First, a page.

We begin with several developments surrounding a pernicious practice known as “hidden foster care.”
● Last year, I wrote a blog post about the hidden foster care scandal in North Carolina – a scandal exposed first by the Associated Press and then ongoing, dogged reporting by Carolina Public Press. Now the scandal has led to criminal indictments of, among others, the former head of the county child welfare agency at the center of the scandal. According to Carolina Public Press:
The charges included dozens of felonies and misdemeanors related to a yearslong Cherokee County DSS practice that separated children from parents without the oversight of a judge.
As I wrote last year, here’s how hidden foster care works:
A parent is told at a minimum: We’re going to take your children away and place them in foster care with strangers. In some cases they’re told: We’ll also separate them from each other and place them far, far away. You can go to court and try to get them back but, well, good luck with that. Good luck even visiting them. Then they offer the alternative: Just sign this little piece of paper in which you “voluntarily” agree to have us place the children with someone nearby – usually a relative.
Of course no lawyer for the family ever looks at that piece of paper first, or explains to the family their rights. The parents’ only explanation of what the piece of paper means is what the caseworker tells them it means. And while many of these placements are theoretically short-term, in some of the North Carolina cases these agreements effectively involve signing away rights to a child forever.
It happens all over the country – but only in North Carolina has a judge found it to be illegal.
The North Carolina scandal does not mean the practice is illegal everywhere, let alone that there is criminal behavior – there have been no such allegations anywhere else. Nor does it mean that other programs operate as the North Carolina program operated. But in all its forms hidden foster care is a pernicious practice that should be abolished. Unfortunately, it is spreading.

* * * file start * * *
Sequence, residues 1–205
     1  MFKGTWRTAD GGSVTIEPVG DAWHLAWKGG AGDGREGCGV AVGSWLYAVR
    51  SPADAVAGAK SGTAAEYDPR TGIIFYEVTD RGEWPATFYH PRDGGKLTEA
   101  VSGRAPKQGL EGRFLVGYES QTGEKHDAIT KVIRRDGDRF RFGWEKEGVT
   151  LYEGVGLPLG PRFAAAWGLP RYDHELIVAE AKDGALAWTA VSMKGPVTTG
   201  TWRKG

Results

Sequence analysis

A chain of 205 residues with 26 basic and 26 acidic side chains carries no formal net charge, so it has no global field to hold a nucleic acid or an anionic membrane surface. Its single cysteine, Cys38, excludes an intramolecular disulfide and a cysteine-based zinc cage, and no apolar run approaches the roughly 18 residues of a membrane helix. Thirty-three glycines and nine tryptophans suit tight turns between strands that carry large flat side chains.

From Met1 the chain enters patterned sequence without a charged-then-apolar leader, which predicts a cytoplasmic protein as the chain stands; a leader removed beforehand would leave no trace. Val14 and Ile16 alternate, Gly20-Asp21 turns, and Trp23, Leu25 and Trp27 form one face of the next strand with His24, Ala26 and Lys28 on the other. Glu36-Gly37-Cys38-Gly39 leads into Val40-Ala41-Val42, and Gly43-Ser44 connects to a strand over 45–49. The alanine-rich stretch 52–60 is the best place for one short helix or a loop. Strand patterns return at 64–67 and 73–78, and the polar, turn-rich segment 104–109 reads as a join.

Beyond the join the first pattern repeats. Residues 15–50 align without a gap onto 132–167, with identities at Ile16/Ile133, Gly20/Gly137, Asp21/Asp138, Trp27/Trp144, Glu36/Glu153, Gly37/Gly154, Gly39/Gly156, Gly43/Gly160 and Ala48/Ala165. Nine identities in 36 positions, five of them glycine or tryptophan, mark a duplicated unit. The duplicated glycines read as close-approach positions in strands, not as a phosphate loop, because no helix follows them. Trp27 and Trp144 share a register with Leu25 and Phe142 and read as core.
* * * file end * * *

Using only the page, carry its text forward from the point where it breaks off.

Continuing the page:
● In Oregon, the state child welfare agency is using the COVID-19 pandemic as an excuse to expand the practice. I have a blog post about it here.
● Another version of the practice involves a program called Safe Families. Proponents would argue that Safe Families is different because, typically, parents themselves reach out to the program and ask that a “host family” take in their children temporarily, and the family promises to return the children on request. But it doesn’t always work out that way. Back when the program first began, more than a decade ago, I warned on this Blog that it is really sugar-frosted foster care.
Now “Safe Families” is seeking to begin operations in New York – and the state Office of Children and Family Services has proposed regulations to allow this.
In promoting this expansion into New York, Safe Families wrongly claimed support from some family advocates. In this detailed comment on the proposed rules, those advocates say their views were misrepresented. They, and other signers, make clear they strongly oppose the program in its current form. The parents at Rise, a magazine written by parents caught up in the system, also oppose it.
The move in Oregon is one of several attempts by child protective services agencies to use COVID-19 as an excuse to seize even more power and run roughshod over minimal due process protections for children and families. On this front there is good news and bad news.
● First the good news: Two attempted power grabs, both in California, have failed, at least for now. An unholy alliance between Big Pharma and Big Foster failed to persuade the California Legislature to weaken laws restricting the use of powerful sometimes dangerous psychiatric medications on vulnerable populations, including foster children.
And to his credit – and to my surprise – the head of the Los Angeles County Department of Children and Family Services wisely refused to cooperate with a scheme by the County Sheriff to send uniformed officers to “check” on children – even when there’d been no complaint at all of any form of abuse or neglect. I’ve updated my blog post about it.
● Now the bad news: A court in Cook County has dismissed a challenge to the state child welfare agency’s blanket ban on in-person visits between children and families. The judge ruled that the families challenging the ban had other remedies in their specific cases. But as John Kelly explains in his story for the Chronicle of Social Change, even as the judge was issuing her ruling, those other remedies appeared to vanish almost before everyone’s eyes.
The hearing, conducted by video, of course, is online here. I’ve cued the video to the conclusion of the Cook County Public Defender’s impassioned explanation of why the ban does so much harm to children. And see also this statement from the Shriver Center on Poverty Law and the Movement for Family Power.
● Shanta Trivedi, clinical fellow at the University of Baltimore Bronfein Family Law Clinic, writes in Slate about why all those “pandemic of child abuse” stories are wrong.
● Vivek Sankaran writes about what courts should look like when we get back to something resembling normal.
● In Rise, Kenya Franklin writes about the ultimate vindication: not only getting her children back, but successfully suing the child welfare agency for wrongfully taking them in the first place.
● And journalist Sylvia Harvey has an important new book about a crucial area where child welfare and law enforcement overlap. It’s called The Shadow System: Mass Incarcertation and the American Family. Ms. Harvey is interviewed about the book here.